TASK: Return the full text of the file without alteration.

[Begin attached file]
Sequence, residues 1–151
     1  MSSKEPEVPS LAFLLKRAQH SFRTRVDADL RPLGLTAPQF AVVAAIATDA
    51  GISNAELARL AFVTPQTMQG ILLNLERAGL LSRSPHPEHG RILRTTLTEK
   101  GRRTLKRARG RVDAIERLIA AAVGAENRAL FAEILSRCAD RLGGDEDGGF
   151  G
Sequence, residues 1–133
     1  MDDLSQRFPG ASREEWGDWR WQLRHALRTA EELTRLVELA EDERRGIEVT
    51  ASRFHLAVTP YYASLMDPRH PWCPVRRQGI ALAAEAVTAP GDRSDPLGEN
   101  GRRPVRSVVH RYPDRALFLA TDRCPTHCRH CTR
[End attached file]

Sequence, residues 1–151
     1  MSSKEPEVPS LAFLLKRAQH SFRTRVDADL RPLGLTAPQF AVVAAIATDA
    51  GISNAELARL AFVTPQTMQG ILLNLERAGL LSRSPHPEHG RILRTTLTEK
   101  GRRTLKRARG RVDAIERLIA AAVGAENRAL FAEILSRCAD RLGGDEDGGF
   151  G
Sequence, residues 1–133
     1  MDDLSQRFPG ASREEWGDWR WQLRHALRTA EELTRLVELA EDERRGIEVT
    51  ASRFHLAVTP YYASLMDPRH PWCPVRRQGI ALAAEAVTAP GDRSDPLGEN
   101  GRRPVRSVVH RYPDRALFLA TDRCPTHCRH CTR